Corrections or additions?
This article by Joan Crespi was prepared for the October 3, 2001
edition of U.S. 1 Newspaper. All rights
Between the Lines
One of U.S. 1’s freelance writers, Joan Crespi, was on the way
home from Europe on September 11. She writes about how it felt to
be stranded in London.
We had flown in from Prague that morning. It was a sunny
day with blue sky and white, fluffy clouds — a perfect day for
flying. I bought chocolates on the flight from Prague to London but
wanted my change in U.S. dollars. The British Airways attendants had
only pounds. "I have no use for English currency," I said.
I wasn’t going to be staying in England.
My husband, a stroke victim, was tired after our Baltic tour and was
in a wheelchair for the long walk, up and down ramps and corridors,
from Heathrow’s Terminal 1 to Terminal 4. We boarded, saw luggage
being loaded, fastened our seatbelts and were readied for take-off
at 3 p.m. (10 a.m. Eastern time) when, over the PA system, the
British-accented voice announced, "We’re all very concerned about
events in New York this morning."
"What?" I demanded. "What events."
No one knew. Then a young man across the aisle, on a cell phone, told
us. A plane had crashed into the World Trade Center. I thought at
first it was an accident. My husband, a retired sociologist, thought
it was a rumor. "How do you know?" I asked the young man.
His friend was watching the news and told him. Then the North Tower
collapsed, he said. Our flight was canceled.
Stunned and shaken. I got off the plane. As we waited at the baggage
carousel I told the stocky British woman pushing the wheelchair that
it was the work of Bin Laden. "Who’s he?" she asked.
After a long wait — our situation seemed so unimportant —
it began to get dark and I finally approached the desk. British
sent us to two hotels. Both full. But our situation seemed so
"We are the lucky ones," was my silent mantra. "We are
alive." I couldn’t imagine the anguish and chaos, the devastation
A third hotel finally took us in. British Airways had given us a
for our room, 189 pounds ($300). In our room we watched the horrific
pictures on TV: It looked like a special effects movie, but wasn’t.
Late that night after several tries (all circuits were busy) I reached
our daughter, Judy, in Pennsylvania to tell her we were safe but
in London. She could tell her brother Bob, a management consultant,
who was presently on a job near Princeton.
To my surprise he came on the phone: he couldn’t get home to New York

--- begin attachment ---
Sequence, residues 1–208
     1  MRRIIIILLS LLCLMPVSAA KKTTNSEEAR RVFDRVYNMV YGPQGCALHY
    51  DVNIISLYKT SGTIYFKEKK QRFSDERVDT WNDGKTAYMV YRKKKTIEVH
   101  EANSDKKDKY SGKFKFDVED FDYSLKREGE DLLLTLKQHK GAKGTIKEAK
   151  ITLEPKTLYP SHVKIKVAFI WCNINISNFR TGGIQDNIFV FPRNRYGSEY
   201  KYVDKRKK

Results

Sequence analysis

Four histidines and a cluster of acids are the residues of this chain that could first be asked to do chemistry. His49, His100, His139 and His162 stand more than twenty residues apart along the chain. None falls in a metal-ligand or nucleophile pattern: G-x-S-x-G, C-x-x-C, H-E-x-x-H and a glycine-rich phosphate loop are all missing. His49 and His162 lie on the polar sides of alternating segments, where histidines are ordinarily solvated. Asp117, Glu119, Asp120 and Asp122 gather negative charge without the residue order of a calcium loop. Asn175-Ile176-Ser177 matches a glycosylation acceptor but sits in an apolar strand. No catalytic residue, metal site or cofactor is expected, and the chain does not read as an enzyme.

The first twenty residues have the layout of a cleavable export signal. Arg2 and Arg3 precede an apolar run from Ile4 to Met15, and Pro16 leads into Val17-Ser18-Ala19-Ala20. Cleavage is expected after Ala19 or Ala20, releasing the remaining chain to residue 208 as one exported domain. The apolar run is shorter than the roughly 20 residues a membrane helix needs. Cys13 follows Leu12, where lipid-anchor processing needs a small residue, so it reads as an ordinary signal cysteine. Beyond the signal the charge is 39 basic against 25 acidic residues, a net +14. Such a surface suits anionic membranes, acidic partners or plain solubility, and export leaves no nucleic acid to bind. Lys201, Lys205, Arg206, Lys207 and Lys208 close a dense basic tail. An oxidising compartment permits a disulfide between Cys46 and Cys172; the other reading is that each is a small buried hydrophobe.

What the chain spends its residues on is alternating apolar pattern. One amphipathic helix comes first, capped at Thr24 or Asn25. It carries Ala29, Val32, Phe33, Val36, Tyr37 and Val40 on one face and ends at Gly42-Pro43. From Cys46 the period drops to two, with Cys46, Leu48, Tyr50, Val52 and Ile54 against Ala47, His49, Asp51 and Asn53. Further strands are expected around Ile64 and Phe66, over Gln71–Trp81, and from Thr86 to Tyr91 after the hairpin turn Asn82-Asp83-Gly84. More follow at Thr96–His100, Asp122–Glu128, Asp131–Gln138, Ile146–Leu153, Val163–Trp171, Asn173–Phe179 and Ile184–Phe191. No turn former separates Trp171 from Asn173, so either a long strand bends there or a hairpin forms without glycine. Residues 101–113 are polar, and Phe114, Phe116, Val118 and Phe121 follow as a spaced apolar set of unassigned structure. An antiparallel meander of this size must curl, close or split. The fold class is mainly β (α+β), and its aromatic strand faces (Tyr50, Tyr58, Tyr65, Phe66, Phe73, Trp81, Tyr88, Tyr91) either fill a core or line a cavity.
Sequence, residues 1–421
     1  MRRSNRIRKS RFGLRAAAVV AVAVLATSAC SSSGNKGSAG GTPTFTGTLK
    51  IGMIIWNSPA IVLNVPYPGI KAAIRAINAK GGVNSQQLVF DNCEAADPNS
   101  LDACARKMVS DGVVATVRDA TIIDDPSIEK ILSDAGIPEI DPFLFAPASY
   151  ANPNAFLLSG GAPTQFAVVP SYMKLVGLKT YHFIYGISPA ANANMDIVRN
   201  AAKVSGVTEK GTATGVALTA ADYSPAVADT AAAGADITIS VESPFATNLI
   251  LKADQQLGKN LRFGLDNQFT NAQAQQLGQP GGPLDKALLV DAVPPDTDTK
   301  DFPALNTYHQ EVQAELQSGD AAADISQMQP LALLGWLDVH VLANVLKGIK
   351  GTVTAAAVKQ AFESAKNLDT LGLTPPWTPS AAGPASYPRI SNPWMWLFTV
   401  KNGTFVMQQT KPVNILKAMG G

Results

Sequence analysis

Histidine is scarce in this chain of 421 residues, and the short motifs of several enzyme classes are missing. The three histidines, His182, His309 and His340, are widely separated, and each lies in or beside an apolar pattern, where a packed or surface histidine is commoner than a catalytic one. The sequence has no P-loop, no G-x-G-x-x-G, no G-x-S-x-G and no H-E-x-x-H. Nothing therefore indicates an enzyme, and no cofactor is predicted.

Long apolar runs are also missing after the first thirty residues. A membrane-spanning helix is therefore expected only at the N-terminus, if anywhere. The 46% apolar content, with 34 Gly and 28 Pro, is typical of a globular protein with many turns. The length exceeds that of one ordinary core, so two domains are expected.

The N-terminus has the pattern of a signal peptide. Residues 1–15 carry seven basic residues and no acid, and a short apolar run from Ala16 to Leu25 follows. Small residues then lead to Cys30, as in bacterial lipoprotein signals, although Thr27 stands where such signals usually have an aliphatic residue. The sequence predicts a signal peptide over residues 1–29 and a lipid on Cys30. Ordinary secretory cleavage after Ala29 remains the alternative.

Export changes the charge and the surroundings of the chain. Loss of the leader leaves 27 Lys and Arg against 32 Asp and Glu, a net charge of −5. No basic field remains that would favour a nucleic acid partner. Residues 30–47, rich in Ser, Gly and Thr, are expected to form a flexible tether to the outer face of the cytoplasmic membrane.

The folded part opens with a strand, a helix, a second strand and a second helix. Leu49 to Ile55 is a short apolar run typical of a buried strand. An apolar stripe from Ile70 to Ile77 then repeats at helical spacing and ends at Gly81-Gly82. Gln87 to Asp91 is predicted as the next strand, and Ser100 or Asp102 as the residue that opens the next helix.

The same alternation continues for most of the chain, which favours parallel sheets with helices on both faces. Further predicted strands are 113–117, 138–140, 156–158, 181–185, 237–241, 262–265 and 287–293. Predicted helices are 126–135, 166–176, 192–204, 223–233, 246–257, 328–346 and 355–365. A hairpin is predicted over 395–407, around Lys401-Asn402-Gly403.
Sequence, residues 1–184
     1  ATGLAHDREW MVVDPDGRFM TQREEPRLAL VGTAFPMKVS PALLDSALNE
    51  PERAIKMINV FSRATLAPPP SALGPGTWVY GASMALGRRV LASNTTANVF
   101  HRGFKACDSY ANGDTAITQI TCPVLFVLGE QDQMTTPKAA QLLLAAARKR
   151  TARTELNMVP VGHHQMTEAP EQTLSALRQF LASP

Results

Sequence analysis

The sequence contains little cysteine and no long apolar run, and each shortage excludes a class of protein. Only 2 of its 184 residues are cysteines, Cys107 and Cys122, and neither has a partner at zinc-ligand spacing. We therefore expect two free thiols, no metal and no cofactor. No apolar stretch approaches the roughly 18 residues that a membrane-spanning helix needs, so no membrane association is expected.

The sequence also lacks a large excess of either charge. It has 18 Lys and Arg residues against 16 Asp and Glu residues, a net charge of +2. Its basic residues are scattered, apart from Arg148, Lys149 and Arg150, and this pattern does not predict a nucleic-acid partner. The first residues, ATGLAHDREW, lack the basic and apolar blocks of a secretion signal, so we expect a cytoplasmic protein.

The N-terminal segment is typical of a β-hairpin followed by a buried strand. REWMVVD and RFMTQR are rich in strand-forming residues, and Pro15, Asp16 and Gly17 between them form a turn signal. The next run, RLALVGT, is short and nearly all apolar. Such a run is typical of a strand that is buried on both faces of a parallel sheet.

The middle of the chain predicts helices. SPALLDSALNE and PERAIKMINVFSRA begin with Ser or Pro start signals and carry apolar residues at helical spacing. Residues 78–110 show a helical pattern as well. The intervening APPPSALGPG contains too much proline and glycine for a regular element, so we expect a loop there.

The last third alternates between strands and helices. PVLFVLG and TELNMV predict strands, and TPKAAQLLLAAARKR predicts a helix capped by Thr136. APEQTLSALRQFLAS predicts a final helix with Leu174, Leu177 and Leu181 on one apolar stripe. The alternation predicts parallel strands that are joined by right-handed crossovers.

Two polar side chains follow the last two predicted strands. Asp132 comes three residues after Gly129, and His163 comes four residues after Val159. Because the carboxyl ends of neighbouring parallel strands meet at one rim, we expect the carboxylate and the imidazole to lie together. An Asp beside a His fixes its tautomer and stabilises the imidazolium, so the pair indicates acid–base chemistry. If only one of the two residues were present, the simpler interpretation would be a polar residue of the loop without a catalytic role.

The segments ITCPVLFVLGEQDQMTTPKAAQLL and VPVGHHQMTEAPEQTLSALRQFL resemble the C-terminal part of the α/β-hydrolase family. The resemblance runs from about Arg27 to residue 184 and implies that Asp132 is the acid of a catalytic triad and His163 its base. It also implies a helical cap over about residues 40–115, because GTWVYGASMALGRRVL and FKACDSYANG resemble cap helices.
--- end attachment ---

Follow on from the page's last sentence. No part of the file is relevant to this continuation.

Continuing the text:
if he had wanted to, he said. Subways were closed. And tunnels.
I thought. It might be a massive attack. I worried aloud (it seemed
insignificant, trivial, on another level of things) that tomorrow
the newspapers would begin delivery, piling up in the driveway and
marking the house as unoccupied, and a sheaf of held mail, with some
expected checks, would be delivered. "Should I stay in the hotel
tomorrow, hoping to get a flight out, or go around London?" I
wondered into the phone.
"Go around London," Bob said decisively.
It felt wrong: Sightseeing here because of the anguish of others.
After dinner (we could eat only in the hotel, surrounded by highways
and grass) we found a message from Bob on the beds. "Airports
in the U.S. are closed for the foreseeable future. Don’t even try
to come home this week. I have taken care of the house."
Late that night, Wednesday, September 12, the room telephone rang.
The room was dark; my husband was already in bed. British Airways
would not pay for our room tonight, said a young woman. We had no
choice but to stay. Tomorrow I would have to see about moving. I
at the desk the next morning, and the hotel reduced the rate to 75
pounds ($120) a night for stranded passengers. But it was still
I must try to get home.
If we had to be stranded, it was good to be in an English-speaking
country, I thought. But it was cold and expensive in London, and
I wanted to get home before hostilities began. Probably they would
not begin until October, but Bush said it would be a long battle.
British Airways could confirm a flight only for September 20.
After I hung up I remembered to ask for a flight to Philadelphia,
in case that opened up before Newark, I telephoned again. The
took my booking and offered me condolences. "But I am one of the
lucky ones," I said. "I am alive. And I have lost no one."
"I offer you my condolences," he said again.
I understood. I was American. Into the phone I said "I wish I
could turn the clock back."
"I was just going to say that," he said.
"I am one of the lucky ones, I am alive." I must stop saying
that, I thought. It could be black magic.
On Thursday, September 13, two days after the world changed, I managed
to get on a list for a flight on Saturday, September 15. "But
call first to see if you’re on the flight," the BA agent said.
Thursday afternoon I traveled into central London and boarded a tour
bus at Green Park. (I didn’t want to stay back at the hotel, although
I wasn’t in the mood for sightseeing). It was pouring rain. Two long
lines of people huddled under umbrellas before a large white tent
in what the guide said was Grosvenor Square. "They’re signing
condolence books," said the guide.
Outside newsstand’ stand-up sandwich boards announced. "20,000
feared dead" and "100 Britons among the dead."
Flags everywhere — British, Swiss — were at half mast. I had
to remind myself that this was England and these were British flags
at half staff. They had lost a war to us, I remembered, but now, as
Tony Blair would say, "England has no better friend."
Daily The (London) Times carried the headlines "America at
"When War Came to America," "Good will prevail over
"There is worse to come."
There were special sections: "Mourning with America," with
a huge American flag on the cover. Coverage could not have been more
extensive if we had been home. Pages of full-page pictures. Half-page